A weekly five-point roundup of critical events in fintech, the future of finance and the next wave of banking industry transformation.
a16z Goes to London, Leaves Questions In Its Wake
What happened: Andreesen Horowitz has never opened an office outside of the U.S. When the world’s most famous venture capital firm decides to go to London, people pay attention.
Why it matters: The early backers of Facebook, Twitter, Coinbase, and Stripe, among many others, haven’t explicitly said they’re going to London because of the SEC’s recent crackdown on crypto. But the VC firm closed its largest fund ever last year, nearly $5 billion just to invest in blockchain and crypto, and it has recently praised what it calls the U.K.’s “thoughtful approach” to crypto regulation.
What’s next: London is reeling as its own version of regulatory uncertainty has caused the flight of fintech start-ups to other European capitals. Given A16Z’s stated reasons for opening the office, expect the country to all but roll out the red carpet in the form of speedy, clear guidelines around crypto. (By Tim Bradshaw, The Financial Times)
Venture Drought Hitting FinTechs as Hard as Any Industry
What happened: Venture capital deal activity is at roughly one-third what it was at its peak only two years ago. Every industry that relies on a steady stream of disruptive start-ups is affected, but maybe none more so than fintech.
Why it matters: The recent banking crisis that brought down Silicon Valley Bank and First Republic was correctly seen as a boon for some recently built, consumer-friendly start-ups. But that combination of spoils going to winners whose seed stage is far in the rearview mirror and the drying up of VC money could create a generational gap.
What’s next: Expect more creative acquisitions like one described in the piece. When seed stage start-ups have trouble raising new rounds, those more established fintechs can come in and buy them out, providing funding and an incubator at the same time. (By Yuliya Chernova, The Wall Street Journal)
Where Banks Close, PayPal Fills a Void
What happened: More than half of PayPal’s small business loan origination occurred in zip codes where 10 or more bank branches closed within the past five years. The company actual uses data like this now to direct targeted advertising and encourage more small businesses that use the payment processing technology to layer on loans as well.
Why it matters: “PayPal is part of a market of payment-oriented fintechs that offer loans on top of payment processing to small businesses. These fintechs have long attempted to outflank community and regional banks by offering faster digital approvals brd on the merchants’ existing payment track record. The overall weakness in the banking sector that followed the collapse of Silicon Valley Bank earlier this year has drawn fresh attention to this model, given the potential for community and regional banks to reduce small-business lending.”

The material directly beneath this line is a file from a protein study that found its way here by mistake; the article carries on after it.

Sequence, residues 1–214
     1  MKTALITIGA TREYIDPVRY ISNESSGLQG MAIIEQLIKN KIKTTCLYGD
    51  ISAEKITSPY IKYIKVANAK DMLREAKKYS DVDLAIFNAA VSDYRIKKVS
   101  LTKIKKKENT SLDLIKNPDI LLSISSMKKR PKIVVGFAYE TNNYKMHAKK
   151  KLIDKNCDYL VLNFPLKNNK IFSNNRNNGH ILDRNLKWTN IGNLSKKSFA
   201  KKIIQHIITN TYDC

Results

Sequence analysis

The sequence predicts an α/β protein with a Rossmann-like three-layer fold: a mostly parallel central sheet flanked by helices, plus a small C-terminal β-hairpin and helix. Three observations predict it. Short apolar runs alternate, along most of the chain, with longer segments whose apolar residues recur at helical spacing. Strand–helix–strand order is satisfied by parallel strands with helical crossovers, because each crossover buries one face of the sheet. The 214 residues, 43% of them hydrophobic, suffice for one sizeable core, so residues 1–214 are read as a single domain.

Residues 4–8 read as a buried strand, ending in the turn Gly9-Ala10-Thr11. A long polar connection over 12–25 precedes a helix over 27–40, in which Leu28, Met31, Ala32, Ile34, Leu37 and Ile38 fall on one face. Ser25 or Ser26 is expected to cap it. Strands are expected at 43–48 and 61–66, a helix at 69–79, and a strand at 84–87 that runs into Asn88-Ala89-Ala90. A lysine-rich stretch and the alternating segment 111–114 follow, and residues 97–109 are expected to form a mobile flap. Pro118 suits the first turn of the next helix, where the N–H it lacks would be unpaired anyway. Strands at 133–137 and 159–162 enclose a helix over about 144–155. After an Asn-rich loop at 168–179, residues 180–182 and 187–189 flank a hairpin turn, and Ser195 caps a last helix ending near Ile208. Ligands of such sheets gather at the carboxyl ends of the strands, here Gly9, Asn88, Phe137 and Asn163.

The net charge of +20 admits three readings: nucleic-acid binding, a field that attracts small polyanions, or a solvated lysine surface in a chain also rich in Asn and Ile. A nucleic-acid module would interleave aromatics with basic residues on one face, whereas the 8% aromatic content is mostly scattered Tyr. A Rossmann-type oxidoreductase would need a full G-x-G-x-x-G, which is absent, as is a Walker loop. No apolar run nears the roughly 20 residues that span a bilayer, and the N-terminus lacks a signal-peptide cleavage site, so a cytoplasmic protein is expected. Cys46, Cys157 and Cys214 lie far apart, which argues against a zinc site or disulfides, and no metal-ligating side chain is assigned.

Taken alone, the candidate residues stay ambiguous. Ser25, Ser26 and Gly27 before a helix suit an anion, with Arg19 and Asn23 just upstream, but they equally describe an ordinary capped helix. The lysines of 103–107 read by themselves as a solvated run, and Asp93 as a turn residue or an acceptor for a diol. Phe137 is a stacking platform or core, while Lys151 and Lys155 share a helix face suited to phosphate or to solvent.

What’s next: Copycats. American Express mentioned doing something similar in its latest earnings report, and while Block and Stripe haven’t explicitly said the same they’re also seeking out the same customer base. (By John Adams, American Banker)
The Biggest Challenge for FinTech Partnerships: Bad Tech Support
What happened: Apple made a splash with high interest savings accounts in partnership with Goldman Sachs. Now reality is setting in, and Apple, a company famous for bending over backwards for customers, is facing an unusual number of customer service complaints.
Why it matters: A lot of financial startups see a path in Embedded Finance: partnering with larger, more established companies as a means towards instant exposure to a much larger base of customers. But that model only works if the bigger, more established companies are OK with handing off tech support to startups that may lack the resources. Because if Goldman Sachs is having trouble, anyone can.
What’s next: Expect more companies that aren’t banks but might want to be to have second thoughts. If even Apple is being thwarted by regulatory delays and the lack of customer support from an equally giant partner not used to dealing with retail customer concerns, then no one is safe. (By Meaghan Johnson, Forbes)
The Long Road Ahead for Regional Banks
What happened: The downfall of some regional banks is now well understood. What’s less well known is how those that remain fight their way through the minefield to come.
Why it matters: “If you’re wondering why you’re only earning 0.4% on your savings—the average in May—it is because you’re one of those the banks are relying on for profit and survival. You could get 5% or more from an online-only account, T-bills or a money-market fund, but the bank is exploiting your loyalty or laziness. Investors are focused on understanding how long banks can continue this trick to figure out how fast deposit rates will rise, compressing margins.”
What’s next: Dividend cuts, higher capital holds and some changes in FDIC insurance. But mostly, a lot of pain. (By James Mackintosh, The Wall Street Journal)